Note that the data in the table above comes from surveys and survey methods that have changed over time, and as such are not necessarily strictly comparable on a time series basis. The relative distribution within each year across the commuting modes, however, is for many purposes a more valid basis for comparison. As shown in the following table—which contains the percentage distribution across the commuting modes for each year—this approach still shows the same general conclusions. Reliance on single occupant vehicles has grown; public transit has maintained a relatively stable but low share; and carpooling and other modes have declined in relative importance. Working at home has gone from the least used option in 1980 and moved ahead of both public transit and “other” modes in 2014.
Means of Transportation to Work by Share of Workers, California (%)
|Workers||Drove Alone||Carpool||Public Transit||Other||Work at Home|
Breaking the data down produces similar results on the regional level as well. The regional data used in this analysis draws from the same sources as for the state: decennial census county data for 1980-2000 and the American Community Survey county data for 2005-2014. However, while the state data is able to use the 1-year estimates for 2005-2014, the county data instead relies on the 5-year estimates in order to provide full coverage. For legibility, not all regions are shown on the charts; data for Central Coast, Central Sierra, and Upstate California are available in the Center’s Economic Indicators.
The trend towards greater single occupant vehicle use (measured by percent of commuters) shows increases across all regions except Bay Area and Central Sierra. Bay Area shows a net increase from 1980, but due to its greater public transit assets, shows a slight decline in the share of commuters driving alone beginning in 2000. Central Sierra shows a similar general pattern as commuters have shown slight shifts to other commuting modes. Highest reliance on driving alone is in Orange County, Inland Empire, and San Diego/Imperial along with some of the more rural regions in the state.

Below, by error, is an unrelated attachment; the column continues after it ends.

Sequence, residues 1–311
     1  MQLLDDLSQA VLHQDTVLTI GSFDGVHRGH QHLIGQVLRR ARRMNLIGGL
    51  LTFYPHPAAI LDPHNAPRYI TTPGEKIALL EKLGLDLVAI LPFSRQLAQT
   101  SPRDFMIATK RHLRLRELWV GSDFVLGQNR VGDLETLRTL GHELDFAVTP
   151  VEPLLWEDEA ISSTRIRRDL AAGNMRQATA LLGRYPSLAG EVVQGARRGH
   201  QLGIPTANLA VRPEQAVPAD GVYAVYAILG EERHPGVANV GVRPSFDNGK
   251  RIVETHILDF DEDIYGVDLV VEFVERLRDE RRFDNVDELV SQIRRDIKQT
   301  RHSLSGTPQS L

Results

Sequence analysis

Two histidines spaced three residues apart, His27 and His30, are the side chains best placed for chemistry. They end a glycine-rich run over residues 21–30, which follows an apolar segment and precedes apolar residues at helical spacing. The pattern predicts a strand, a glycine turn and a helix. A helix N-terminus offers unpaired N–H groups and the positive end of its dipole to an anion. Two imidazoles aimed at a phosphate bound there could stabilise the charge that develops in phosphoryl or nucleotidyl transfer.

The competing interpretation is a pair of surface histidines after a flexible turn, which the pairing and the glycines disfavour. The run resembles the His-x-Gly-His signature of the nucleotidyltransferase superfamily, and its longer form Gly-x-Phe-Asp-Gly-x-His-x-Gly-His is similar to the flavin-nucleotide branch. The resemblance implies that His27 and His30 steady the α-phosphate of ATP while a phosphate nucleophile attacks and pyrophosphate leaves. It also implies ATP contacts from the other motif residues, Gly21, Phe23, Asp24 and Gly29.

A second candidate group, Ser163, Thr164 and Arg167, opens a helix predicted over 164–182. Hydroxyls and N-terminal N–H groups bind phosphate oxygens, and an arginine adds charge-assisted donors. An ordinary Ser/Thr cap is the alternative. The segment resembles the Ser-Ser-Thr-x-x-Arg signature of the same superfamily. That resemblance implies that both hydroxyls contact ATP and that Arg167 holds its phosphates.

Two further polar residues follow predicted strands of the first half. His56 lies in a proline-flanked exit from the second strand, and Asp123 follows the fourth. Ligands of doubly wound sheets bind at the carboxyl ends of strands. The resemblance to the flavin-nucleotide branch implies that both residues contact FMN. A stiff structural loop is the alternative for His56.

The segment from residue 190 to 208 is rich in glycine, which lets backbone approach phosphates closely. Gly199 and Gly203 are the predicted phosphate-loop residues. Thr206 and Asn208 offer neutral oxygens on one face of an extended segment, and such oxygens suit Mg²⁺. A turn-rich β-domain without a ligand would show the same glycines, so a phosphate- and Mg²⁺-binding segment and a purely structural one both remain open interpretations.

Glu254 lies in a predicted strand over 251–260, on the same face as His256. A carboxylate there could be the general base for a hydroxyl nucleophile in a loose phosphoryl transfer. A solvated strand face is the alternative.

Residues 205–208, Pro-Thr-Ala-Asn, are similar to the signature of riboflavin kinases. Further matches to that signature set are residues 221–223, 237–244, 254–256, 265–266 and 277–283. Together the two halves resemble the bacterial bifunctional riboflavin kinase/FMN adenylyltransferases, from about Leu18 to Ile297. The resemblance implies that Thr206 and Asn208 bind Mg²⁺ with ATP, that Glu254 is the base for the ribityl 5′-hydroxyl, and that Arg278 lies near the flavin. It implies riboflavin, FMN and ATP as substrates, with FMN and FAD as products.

All regions show a declining share of commuting by carpool, with only Central Sierra region showing a slight uptick in the 2014 data. Carpooling remains highest in Inland Empire and the Central Valley, with the lowest rates in San Diego/Imperial, Orange County, and Bay Area regions.
Most regions have seen level or slightly declining relative use of public transit since 1990. The primary exception is the Bay Area which continues to experience an increasing reliance by workers on this commuting mode. Public Transit use remains strongest in Bay Area and Los Angeles regions, with the remaining regions grouped around a lower tier of use.
Aside from some variations in the most recent data, working at home continues to increase in all regions. Use of this commuting mode remains highest in many of the rural counties (Central Sierra, Upstate California, Central Coast), along with San Diego/Imperial and Sacramento regions. Lowest use is in the Central Valley.
Some general conclusions from this data:
To provide future updates on this data, the Center’s Economic Indicators have been revised to include the commuting mode under Travel Time to Work in the Quality of Life Indicators. These data are provided for the state, regions, counties, and the Senate, and Assembly districts.
 Legislative Analyst’s Office, California’s High Housing Costs: Causes and Consequences, March 2015; Perspectives on Helping Low-Income Californians Afford Housing, February 2016.
 Peter Ganong and Daniel Shoag, Why Has Regional Income Convergence in the US Declined?, January 2015.
 Jason Furman, Barriers to Shared Growth: The Case of Land Use Regulation and Economic Rents, November 2015.